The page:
Away From Her


The thing that comes back to me as I think about a film like “Away from Her” is the snow. Snow feels like it’s flooding the film, almost covering it entirely, and at times it’s all we see. There is a recurring scene with Fiona (Julie Christie), a woman who is in the early stages of Alzheimer’s as she is trekking through the snow on cross-country skis. At times, she is shown with her husband Grant (Gordon Pinsent), and other times, she is alone. Not much else fills the screen in these scenes other than Fiona. She is travelling on a blank slate, her mind is going, and at one point she becomes lost and wanders into a forest. The camera goes from a bird’s-eye view and moves in on her laying down as if engulfed by her surroundings. This must be how it feels when your mind is going.

“Away From Her” deals with Alzheimer’s in a very straight forward way, it pulls no punches on the effects it has on the people who suffer from it, as well as the people who have to watch it happen. But this film is also a love story, and a very effective one at that. It deals with two people who have been married for 45 years and know each other inside and out. They share time together, cross-country ski near their cottage home ,and read books to eachother on their couch. It’s hard to imagine losing the memories of someone who could be that close to you, yet that is just what happens to their world.

We see almost right away Fiona acting a bit out of the ordinary as Grant catches her putting a frying pan in the freezer. Later she has problems remembering which drawers are for which utensils in the kitchen, she has to write notes on them to remember. Things progress during a dinner party,  when Fiona holds up a bottle of wine and can’t quite remember how to say the word “wine”. In this quietly devastating moment, she states that “(she) may be beginning to disappear”.

Grant is reluctant at first to accept that Fiona has Alzheimer’s as he believes she is still rather young to get it. Indeed she does look younger than most people whom one might associate with having the disease, but it becomes more clear to both of them that it is what she has. Not wanting Grant to become her caregiver as her condition worsens, Fiona sets her mind into moving to a care centre called Meadow Brook. However it is stipulated that once she is admitted to the facility, she is barred from any visitors for the first thirty days in order for a smoother transition. For Grant, this is not all that enticing.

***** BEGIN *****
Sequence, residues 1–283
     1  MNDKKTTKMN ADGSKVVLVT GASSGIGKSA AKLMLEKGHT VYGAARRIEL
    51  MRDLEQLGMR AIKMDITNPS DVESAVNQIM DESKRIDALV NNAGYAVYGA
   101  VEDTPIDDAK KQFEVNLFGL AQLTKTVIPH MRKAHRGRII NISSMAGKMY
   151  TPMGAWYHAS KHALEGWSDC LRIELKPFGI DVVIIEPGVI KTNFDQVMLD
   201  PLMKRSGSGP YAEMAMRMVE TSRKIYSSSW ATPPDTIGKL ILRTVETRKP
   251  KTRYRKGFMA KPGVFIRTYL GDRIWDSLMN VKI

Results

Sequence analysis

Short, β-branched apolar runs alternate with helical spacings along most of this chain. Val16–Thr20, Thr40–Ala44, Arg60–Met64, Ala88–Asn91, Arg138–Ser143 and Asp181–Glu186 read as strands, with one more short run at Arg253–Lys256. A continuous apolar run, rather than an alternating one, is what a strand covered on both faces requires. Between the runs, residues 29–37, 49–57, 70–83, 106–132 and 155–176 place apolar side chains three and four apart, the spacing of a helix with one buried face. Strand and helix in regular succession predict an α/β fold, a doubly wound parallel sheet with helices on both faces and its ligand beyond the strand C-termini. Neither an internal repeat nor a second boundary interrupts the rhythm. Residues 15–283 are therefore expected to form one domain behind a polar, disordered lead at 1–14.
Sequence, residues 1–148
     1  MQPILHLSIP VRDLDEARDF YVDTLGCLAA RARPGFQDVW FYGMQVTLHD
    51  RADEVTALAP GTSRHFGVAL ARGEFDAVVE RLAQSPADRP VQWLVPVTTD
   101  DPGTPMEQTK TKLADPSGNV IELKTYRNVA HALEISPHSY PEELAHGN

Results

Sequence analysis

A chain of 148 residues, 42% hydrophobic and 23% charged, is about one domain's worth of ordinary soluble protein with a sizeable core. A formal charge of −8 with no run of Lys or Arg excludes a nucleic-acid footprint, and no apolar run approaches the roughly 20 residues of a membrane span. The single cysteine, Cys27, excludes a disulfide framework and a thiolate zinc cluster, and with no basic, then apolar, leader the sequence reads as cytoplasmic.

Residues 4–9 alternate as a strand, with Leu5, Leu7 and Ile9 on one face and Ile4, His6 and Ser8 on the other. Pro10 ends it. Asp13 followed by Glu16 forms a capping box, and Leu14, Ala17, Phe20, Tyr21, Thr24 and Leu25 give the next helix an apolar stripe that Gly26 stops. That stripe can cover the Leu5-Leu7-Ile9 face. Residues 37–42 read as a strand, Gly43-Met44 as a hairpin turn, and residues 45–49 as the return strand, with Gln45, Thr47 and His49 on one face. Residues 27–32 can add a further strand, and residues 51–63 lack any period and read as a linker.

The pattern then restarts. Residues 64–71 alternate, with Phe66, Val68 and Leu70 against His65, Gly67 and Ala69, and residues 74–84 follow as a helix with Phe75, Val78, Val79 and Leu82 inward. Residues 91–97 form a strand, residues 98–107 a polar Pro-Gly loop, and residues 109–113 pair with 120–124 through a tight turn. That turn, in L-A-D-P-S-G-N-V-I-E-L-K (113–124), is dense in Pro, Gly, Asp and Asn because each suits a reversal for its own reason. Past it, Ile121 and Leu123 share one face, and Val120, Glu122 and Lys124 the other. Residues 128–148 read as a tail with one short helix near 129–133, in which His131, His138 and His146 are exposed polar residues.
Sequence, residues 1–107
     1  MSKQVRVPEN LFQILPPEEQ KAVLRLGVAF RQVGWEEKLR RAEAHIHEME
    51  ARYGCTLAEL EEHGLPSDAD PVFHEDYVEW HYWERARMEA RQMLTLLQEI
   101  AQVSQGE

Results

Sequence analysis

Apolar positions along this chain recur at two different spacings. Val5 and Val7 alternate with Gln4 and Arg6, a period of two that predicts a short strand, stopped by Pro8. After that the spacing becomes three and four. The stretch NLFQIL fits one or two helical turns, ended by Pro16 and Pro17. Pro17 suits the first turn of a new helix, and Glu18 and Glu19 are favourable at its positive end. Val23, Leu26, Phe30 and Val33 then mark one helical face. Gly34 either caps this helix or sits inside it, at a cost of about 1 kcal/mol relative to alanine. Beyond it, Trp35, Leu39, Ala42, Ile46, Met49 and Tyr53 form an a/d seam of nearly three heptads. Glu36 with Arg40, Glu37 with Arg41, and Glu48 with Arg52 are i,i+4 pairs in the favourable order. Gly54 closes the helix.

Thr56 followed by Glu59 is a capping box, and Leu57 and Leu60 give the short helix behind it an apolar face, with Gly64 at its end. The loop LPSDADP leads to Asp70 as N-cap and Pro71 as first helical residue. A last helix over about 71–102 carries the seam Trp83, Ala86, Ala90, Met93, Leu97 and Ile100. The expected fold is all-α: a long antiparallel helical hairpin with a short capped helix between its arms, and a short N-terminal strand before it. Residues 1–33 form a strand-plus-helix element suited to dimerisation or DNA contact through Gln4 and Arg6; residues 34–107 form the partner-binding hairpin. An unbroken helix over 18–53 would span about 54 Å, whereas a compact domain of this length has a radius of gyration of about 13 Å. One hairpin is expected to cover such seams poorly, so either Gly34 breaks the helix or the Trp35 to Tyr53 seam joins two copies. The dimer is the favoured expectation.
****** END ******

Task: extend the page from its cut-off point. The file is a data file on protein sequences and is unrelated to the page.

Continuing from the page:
After the thirty-day prohibition is lifted Grant visits Fiona to find that she has forgotten him completely and has now started a relationship with another resident named Aubrey (Michael Murphy).  Grant is helpless, but he is persistent continuing to visit her every day with the hope that maybe she might remember him.

It’s hard to believe that “Away From Her” could be anyone’s first film considering how assured it is, yet it was the first film by Canadian icon Sarah Polley. Polley started off as a child actress and moved on to be a staple of Canadian independent film. American audiences might know her best in her lead role in the horror remake of “Dawn of the Dead”, but she didn’t go the Hollywood route and instead stayed in her home country  to become the highly respected filmmaker she is today.

Polley directs as if she belonged behind the camera all her life, making the film feel poetic, and dream like. Occasionally she cuts from the present to the past to show us Fiona as a young woman seen the way perhaps Grant remembers her. Memory and the past play an important part in the story as we find Grant wasn’t always the faithful husband he is now. It is revealed he did have an affair with a student while he was a university professor, something Fiona has not forgotten at the beginning of the film, and one that makes Grant riddled with guilt. When he first sees Fiona with Aubrey together, part of him believes it’s her way of punishing him.

Perhaps it is his way of punishing himself as he continues to visit Fiona and seeing her with Aubrey. It might also be a way for him to make amends and put the past behind him. After Aubrey’s wife takes him from Meadow Brook (Olymipa Dukakis), Grant pleads with her to bring him back so Fiona won’t be depressed.